Roadblocks Stymie GTA's Online Launch
Rockstar had a feeling it was going to get overwhelmed by demand, and it was right. "It is surprising in that you would think that Rockstar, which has the biggest game of the year, would be ready," said Paul Semel, editor at Electronic Gaming Monthly, "but everybody who brings a game online knows there are going to be problems. Blizzard, which really knows online games, had problems, and if they have problems then anyone else will have problems."
Oct 1, 2013 4:21 PM PT
The launch of Grand Theft Auto V last month was a success by any measure, but Tuesday's debut of GTA Online wasn't quite as smooth.
Rockstar Games itself predicted a buggy arrival for its game's online counterpart and said it bought new servers ahead of time to support the predicted demand, but on Tuesday players looking to commit online break-ins and heists were all but locked out.
"For those trying to get into GTA Online today, please bear w/ us on some day one tech connection issues that we're working to stabilize asap," the company wrote in a tweet following the launch.
Rockstar did not respond to our request for further details.
'Millions of Players'
Access to Grand Theft Auto Online is free with a copy of Grand Theft Auto V. A Title Update was released Tuesday morning on both PlayStation Network and Xbox Live; installing it automatically unlocked direct access to GTA Online in the player's GTA V game menu.
This is the first online version for the game series, which so far has been a massive single-player game, and Rockstar promised it would be determined as much by the player as the developers.
"It is the online component for GTA V, and we can't forget that," said Paul Semel, editor at Electronic Gaming Monthly. "They put out the single-player game and then released the online component."
Indeed, "like the Elder Scrolls online, Grand Theft Auto Online is based on a single-player franchise that delivers a huge world to explore and conquer," noted George Chronis, game analyst at DFC Dossier. "The major difference outside of this milieu is that Grand Theft Auto is so much more popular a franchise, with many more millions of players."
'There Are Going to Be Problems'
While the launch hasn't exactly gone smoothly, it also isn't exactly a huge surprise and shouldn't be for fans, either.
"It is surprising in that you would think that Rockstar, which has the biggest game of the year, would be ready," Semel told TechNewsWorld, "but everybody who brings a game online knows there are going to be problems.
"Blizzard, which really knows online games, had problems, and if they have problems then anyone else will have problems," Semel added. "It shouldn't happen, but it always does."
"With GTA V's record-breaking sales, it isn't surprising there would be issues with the launch of GTA Online," said Wanda Meloni, senior analyst at M2 Research. "Launching an online multiplayer game of this magnitude is a daunting task, and even though Rockstar has acknowledged before the launch there would be problems early on, I don't believe they anticipated the extent of the issues."
'This Will Set a Bar'
While the early problems were clearly a testament to the game's success, it's now up to Rockstar to make it up to users for the early difficulties.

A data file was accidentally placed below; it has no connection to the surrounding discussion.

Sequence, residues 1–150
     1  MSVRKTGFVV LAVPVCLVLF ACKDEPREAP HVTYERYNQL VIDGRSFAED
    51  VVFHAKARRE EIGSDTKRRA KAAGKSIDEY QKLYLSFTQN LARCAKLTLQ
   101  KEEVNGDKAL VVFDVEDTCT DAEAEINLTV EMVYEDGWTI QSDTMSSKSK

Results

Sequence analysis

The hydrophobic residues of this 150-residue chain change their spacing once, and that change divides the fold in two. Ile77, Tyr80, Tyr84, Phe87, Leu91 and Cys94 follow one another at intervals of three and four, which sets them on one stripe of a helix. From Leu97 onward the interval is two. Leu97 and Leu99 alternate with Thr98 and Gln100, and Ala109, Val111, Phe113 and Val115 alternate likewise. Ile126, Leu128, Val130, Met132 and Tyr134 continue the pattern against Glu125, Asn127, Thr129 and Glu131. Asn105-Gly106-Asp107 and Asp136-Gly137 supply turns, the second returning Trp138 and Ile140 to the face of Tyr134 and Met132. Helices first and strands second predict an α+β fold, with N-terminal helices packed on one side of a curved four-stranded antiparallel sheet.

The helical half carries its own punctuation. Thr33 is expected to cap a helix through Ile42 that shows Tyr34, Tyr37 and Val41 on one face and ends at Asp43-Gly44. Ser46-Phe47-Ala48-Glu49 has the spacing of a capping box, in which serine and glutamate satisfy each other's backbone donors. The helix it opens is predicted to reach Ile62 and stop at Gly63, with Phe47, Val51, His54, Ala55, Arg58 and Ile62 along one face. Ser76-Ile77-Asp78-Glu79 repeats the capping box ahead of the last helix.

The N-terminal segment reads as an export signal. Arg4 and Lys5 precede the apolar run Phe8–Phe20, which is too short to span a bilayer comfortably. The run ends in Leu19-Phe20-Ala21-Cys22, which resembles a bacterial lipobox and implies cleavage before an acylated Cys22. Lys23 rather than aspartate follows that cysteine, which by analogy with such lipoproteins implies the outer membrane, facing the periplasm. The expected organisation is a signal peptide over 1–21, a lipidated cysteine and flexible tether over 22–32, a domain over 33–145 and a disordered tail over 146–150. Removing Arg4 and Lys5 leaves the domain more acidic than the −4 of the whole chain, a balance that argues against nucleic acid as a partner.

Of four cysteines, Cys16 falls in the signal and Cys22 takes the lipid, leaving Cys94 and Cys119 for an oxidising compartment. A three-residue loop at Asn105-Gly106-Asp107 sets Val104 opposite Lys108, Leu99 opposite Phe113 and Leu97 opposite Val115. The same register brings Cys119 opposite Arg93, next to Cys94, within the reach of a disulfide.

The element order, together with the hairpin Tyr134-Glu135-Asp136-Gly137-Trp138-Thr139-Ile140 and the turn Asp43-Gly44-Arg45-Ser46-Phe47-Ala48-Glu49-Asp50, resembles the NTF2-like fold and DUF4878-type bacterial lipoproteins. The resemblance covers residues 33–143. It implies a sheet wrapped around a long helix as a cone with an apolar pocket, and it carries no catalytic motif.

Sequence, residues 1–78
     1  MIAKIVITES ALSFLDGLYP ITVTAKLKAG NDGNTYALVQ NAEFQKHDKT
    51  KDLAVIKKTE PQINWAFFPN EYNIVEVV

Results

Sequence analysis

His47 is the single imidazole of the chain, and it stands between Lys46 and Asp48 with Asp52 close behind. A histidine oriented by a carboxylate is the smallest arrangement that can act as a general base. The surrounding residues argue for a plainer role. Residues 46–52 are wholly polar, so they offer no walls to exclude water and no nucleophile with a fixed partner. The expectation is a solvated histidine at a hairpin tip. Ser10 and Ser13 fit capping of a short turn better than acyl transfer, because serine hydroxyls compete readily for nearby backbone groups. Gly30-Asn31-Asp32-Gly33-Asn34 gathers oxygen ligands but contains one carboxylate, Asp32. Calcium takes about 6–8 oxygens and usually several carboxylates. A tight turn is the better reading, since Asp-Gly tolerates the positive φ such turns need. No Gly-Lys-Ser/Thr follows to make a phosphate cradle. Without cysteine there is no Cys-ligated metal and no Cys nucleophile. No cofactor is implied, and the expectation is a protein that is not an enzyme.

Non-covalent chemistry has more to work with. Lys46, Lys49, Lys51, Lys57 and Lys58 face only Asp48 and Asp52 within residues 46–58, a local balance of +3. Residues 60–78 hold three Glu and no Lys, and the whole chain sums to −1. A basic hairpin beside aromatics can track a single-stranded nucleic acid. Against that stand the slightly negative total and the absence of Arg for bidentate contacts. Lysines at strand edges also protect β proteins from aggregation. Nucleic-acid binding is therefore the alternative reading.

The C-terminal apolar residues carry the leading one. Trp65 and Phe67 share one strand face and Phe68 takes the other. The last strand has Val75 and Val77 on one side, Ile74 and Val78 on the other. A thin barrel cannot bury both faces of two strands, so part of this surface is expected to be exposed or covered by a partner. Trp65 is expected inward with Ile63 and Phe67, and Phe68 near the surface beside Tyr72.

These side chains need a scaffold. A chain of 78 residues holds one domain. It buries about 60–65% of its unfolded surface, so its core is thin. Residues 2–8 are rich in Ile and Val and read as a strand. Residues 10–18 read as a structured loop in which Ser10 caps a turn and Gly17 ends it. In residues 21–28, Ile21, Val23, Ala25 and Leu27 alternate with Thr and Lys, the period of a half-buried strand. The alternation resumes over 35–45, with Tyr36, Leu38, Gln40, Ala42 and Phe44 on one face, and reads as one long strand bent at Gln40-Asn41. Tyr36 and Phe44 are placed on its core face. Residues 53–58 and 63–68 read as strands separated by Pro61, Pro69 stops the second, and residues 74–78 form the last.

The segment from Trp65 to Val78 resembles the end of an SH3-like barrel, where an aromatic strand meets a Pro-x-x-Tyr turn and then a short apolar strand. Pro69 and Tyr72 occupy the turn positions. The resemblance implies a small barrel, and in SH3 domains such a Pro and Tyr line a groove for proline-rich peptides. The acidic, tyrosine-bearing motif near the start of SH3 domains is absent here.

"They should offer gifts to make it right with their users," suggested Rob Enderle, principal analyst at the Enderle Group. "This will happen more and more until more folks use analytics to better estimate first day usage or limit first day usage so the loads are more spread out."
This launch could also be the new benchmark in setting expectations.
"This will clearly set a bar that Rockstar should be able to exceed in the future," Enderle told TechNewsWorld. "Online gaming is where we are now, and for this class of game it is increasingly a requirement."
'An Awesome Feat'
GTA V's online component could redefine what gamers expect in the game's storytelling elements.
"Being able to choose your grandparents and parents to give your character a certain look is interesting," Meloni told TechNewsWorld. "You are picking your family tree, what you look like and your lifestyle to position your character in the game.
"That kind of complexity to the storytelling makes this additionally hard to manage as an online open world," she noted. "Add to the mix the microtransactions, and it is really an awesome feat. So, while players may be frustrated in the short term, the longer-term play dynamics will be amazing to watch."
'Everyone Wants to Try It'
GTA Online isn't a massively multiplayer game, however.
"The online component doesn't turn the game into a World of Warcraft," noted Semel, "but you are playing an online game with the usual components such as death match and team death match. In the end this is still going to be Grand Theft Auto, and that's why everyone wants to try it."
It remains to be seen whether Rockstar, with its notoriously long development cycle for the GTA series, will be able to keep up with those looking for more online.
"If players race through launch content faster than Rockstar can add content -- as was the case with Star Wars: The Old Republic -- then active player numbers could decline severely when these people perceive there is little left to do," noted Chronis.
"That would necessitate culling servers and merging remaining accounts, which usually antagonizes existing players," he added. "The question is how long Grand Theft Auto Online will hold players over time. Despite Rockstar's best intentions, the answer will only be known after people play the game for a while."